Pants have received its first layer of white and green bird crap, the smell of uric acid emanates from my hands; field work has officially begun. Attendance of birds in the wooden artificial burrow boxes strategically placed around the island is on the rise. Yesterday while enduring steady rain and blistering 30 knot winds, we discovered five new Cassin’s Auklets incubating freshly laid eggs during a scheduled burrow check. Taxonomically Cassin’s Auklets are in the Alcid family, closely related to puffins, murres, murrelets, and guillemots; and unlike other groups diving birds, use their wings to essentially fly through the water reaching incredible depths (200+ feet) in pursuit of pelagic invertebrates and fish.
Cassin’s Auklets are among the first seabirds to breed on the Farallones, with the male and female sharing the duty of incubating an egg and rearing a chick. Arriving under the protection of darkness, each parent will return to its burrow most nights to relieve the other from the nest; with a bill load of seafood during the rearing period once the chick has hatched. Their unique calls can be heard in the late hours of night, so it’s been fun to see them up close and in hand (aside from the scatted carcasses we’ve been finding, bits and pieces from Peregrine and Burrowing Owl kills).
Common Murres have also been loafing in vast numbers along the jagged hilltops that dominate the landscape, reclaiming their small patch of turf and strengthening pair bounds in preparation for their breeding season. A few days ago we began resighting banded murres in a colony on the northeast side of the island from a blind atop a cliff facing Shubrick Point, using steady binoculars and a good deal of patience. Looking down from the blind, the stark contrasting plumage of the murres forms a fluid like motion of black and white, enough to induce motion sickness for those with weak stomachs. I occasionally had to look away for several minutes to let my mind manage the optical abuse.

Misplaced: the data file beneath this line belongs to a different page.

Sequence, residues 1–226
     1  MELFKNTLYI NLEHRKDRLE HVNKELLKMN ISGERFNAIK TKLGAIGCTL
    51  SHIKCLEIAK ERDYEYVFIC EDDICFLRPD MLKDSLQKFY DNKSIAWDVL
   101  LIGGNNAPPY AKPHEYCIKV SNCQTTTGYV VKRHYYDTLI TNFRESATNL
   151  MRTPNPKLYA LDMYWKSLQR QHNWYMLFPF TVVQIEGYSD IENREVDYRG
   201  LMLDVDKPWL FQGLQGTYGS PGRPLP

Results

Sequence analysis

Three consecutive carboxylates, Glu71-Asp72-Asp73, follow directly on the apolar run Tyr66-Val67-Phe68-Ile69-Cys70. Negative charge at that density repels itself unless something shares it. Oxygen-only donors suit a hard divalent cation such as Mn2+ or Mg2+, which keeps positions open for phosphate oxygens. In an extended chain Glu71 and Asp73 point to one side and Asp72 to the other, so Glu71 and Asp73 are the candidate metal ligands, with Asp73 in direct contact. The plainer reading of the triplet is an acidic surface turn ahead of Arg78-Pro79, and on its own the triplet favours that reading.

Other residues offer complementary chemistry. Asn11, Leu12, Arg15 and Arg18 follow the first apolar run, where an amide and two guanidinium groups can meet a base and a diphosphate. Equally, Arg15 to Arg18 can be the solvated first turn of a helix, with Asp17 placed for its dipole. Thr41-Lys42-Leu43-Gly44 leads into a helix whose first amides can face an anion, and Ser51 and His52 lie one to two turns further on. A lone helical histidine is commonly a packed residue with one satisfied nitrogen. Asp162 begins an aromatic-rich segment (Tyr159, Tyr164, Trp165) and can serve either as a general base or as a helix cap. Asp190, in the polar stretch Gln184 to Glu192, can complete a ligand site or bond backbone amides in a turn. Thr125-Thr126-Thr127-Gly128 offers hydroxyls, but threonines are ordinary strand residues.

The highlight of the day, more so than measuring the Cassin’s, was a spelunking expedition led by Pete (the PRBO biologist) and accompanied by Cat and Jonathan from the USFWS, Ilana with PRBO, and myself into Rabbit Cave, a deep crevice in Lighthouse Hill. A certain narrow passage into the main chamber required crawly through mud on hand and knees… and it was awesome. We visited a site where the embalmed remains of an Aleut woman were discovered many decades back. She was removed by a team of geologists I believe, rumor has it her ghost now roams about the island (no sightings as of yet). Pete also pointed out some old graffiti that read “Stewart 1906” on a wall in the terminal chamber. Supposedly the endemic Farallon cricket can also be spotted in Rabbit Cave ‘although we found little evidence of it’ (which is a mild reference to “The Life Aquatic” if you caught that).